sig Garcia

Other personages

CastellotJosé María Castellot Batalla was a landowner, lawyer, banker and politician who benefited from the patronage of Joaquín Casasús and Porfirio Díaz.

Carleton Beals Carleton Beals, Porfirio Díaz, Dictator of Mexico, Philadelphia, 1932, p. 379 writes "José R. Castellot, also a Casasús client, a voracious, unscrupulous business man with a mattress beard, was installed Governor in representation of the ruling clan, Pablo García and his son Luis García Mezquita. They had promoted a separatist movement of the region from Yucatán in 1857 and controlled the state directly or indirectly for about seventy-five years.
In 1903 Castellot Brothers, of which José was absolute owner, went bankrupt. Through Casasús, Castellot was named Governor to save himself. Authorized by Limantour he formed the Campeche Bank with watered capital, mostly bad paper and stock of the bankrupt company. The bank was represented in Mexico by Casasús and protected by Fernando Pimentel y Fagoaga, the Científico manager of the Central Bank. Castellot’s own brother was made governor inspector. Shortly, Castellot arrived in Mexico, his baggage stuffed with Campeche Bank bills. A 200,000 peso bond issue was authorized, half of which went into the pockets of Castellot and friends for organizing the bank and graft for securing the concession. Nearly 400,000 pesos were loaned out to bankrupt debtors to repay Castellot. The bank held the sack, like other Científico institutions served for personal enrichment rather than promotion of industry.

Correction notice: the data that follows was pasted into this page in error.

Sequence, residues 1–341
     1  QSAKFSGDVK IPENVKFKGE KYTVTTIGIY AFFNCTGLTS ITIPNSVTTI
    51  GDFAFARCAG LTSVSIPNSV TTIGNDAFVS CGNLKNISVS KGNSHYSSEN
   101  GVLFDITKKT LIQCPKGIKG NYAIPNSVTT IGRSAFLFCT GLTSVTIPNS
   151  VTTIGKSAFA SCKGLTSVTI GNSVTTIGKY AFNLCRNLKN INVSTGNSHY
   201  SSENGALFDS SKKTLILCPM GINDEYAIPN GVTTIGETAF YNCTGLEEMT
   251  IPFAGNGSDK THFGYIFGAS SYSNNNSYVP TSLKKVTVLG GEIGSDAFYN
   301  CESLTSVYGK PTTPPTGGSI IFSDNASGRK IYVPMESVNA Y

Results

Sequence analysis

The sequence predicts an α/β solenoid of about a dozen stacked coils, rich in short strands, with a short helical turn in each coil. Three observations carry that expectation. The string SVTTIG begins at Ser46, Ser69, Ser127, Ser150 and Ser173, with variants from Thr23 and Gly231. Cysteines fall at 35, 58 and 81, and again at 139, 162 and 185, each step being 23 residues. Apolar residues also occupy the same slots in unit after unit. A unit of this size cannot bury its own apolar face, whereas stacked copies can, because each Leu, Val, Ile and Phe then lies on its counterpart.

By 1908 Castellot owed the bank 853,000 pesos in addition to 400,000 paid him previously. Limantour then liquidated the bank so well that Castellot took out another 100,000. In March 1910 minority stockholders brought criminal action. The Central Bank accepted Castellot’s payments in properties worth less than 200,000 for the full amount of his and stool-pigeons’ debts of 1,300,000.